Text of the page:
Mayor Cam Guthrie pointed to the elephant in the room, would there be some fiscal prudence in delaying, even for a year, big infrastructure projects like the new library and the South End Community Centre? Greg Clark, manager of financial strategy and long-term planning, noted that staff are re-evaluating projects as they’re going out to tender, and they’ve already put some projects on pause because of cost, like the improvements to the Speedvale Bridge. Clark also said that council has delayed those projects for other reasons over the years, but the costs have only gone up.
Finally getting into the first pillar, there were a lot of questions for the presenters from two of the local boards, the Guelph Public Library and the Guelph Police Service.
The big controversy with the Guelph Public Library was the request to get $175,000 more to cover the loss from cancelling late fees. Library CEO Steve Kraft said that this is a direction that the industry is going in, and over 700 libraries have so far have made the move to cancel late fees, but council was not convinced, and asked Kraft if the library board could find a way to phase that in. Also, there was a lot of curiosity about the fundraising efforts for the new main building.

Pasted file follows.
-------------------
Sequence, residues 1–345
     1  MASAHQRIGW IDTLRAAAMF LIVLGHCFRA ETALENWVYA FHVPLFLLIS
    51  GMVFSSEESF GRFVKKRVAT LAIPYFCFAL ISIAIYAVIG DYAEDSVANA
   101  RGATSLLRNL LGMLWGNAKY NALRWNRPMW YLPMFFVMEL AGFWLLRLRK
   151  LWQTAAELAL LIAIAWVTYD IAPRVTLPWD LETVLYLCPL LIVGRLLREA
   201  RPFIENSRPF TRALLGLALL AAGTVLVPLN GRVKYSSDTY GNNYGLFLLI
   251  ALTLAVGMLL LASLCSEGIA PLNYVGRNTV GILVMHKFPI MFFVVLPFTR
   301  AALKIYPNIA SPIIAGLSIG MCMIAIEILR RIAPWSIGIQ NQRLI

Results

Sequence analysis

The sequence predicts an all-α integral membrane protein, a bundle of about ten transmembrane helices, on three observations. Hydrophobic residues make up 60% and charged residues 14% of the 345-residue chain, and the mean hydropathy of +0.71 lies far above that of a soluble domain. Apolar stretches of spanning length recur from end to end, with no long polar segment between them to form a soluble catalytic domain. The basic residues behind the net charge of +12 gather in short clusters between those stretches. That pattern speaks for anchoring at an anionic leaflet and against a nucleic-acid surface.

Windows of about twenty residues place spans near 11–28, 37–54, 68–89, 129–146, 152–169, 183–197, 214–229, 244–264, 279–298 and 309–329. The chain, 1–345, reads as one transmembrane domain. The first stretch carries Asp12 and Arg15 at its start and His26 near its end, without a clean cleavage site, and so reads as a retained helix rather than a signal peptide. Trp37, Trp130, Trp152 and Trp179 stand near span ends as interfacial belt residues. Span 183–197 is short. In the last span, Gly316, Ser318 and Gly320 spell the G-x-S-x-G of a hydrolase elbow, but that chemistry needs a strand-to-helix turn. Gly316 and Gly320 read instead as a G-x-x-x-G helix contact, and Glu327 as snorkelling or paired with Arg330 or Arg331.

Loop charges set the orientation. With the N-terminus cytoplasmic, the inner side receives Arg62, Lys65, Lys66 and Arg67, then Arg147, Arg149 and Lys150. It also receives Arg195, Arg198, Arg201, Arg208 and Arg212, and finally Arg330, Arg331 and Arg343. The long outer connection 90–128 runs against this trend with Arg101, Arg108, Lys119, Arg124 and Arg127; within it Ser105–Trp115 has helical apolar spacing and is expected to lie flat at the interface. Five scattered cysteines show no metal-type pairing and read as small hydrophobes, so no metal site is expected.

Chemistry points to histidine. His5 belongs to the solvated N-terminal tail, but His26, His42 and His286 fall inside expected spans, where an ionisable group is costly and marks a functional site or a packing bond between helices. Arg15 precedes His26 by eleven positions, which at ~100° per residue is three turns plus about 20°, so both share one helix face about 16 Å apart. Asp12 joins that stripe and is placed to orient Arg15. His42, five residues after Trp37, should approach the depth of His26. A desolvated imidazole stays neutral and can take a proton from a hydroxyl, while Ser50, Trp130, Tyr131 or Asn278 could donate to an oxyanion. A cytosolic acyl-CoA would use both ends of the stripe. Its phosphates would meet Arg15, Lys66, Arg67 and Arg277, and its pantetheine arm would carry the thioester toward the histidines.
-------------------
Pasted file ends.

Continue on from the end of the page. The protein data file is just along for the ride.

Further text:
To the police, there was curiosity about having more autonomy to beef up their reserves in case there are sudden changes during the period between budgets, but there was also a victory lap about the successful investments made in the service over the last couple of years. There were also some questions to staff about the heads and beds levy, which isn’t administered by the police, but was noted in specific reference to policing costs around the university like Homecoming.
Wellington County social services and Wellington-Dufferin-Guelph Public Health didn’t make a formal presentation because there were no drastic year-over-year changes to their budgets.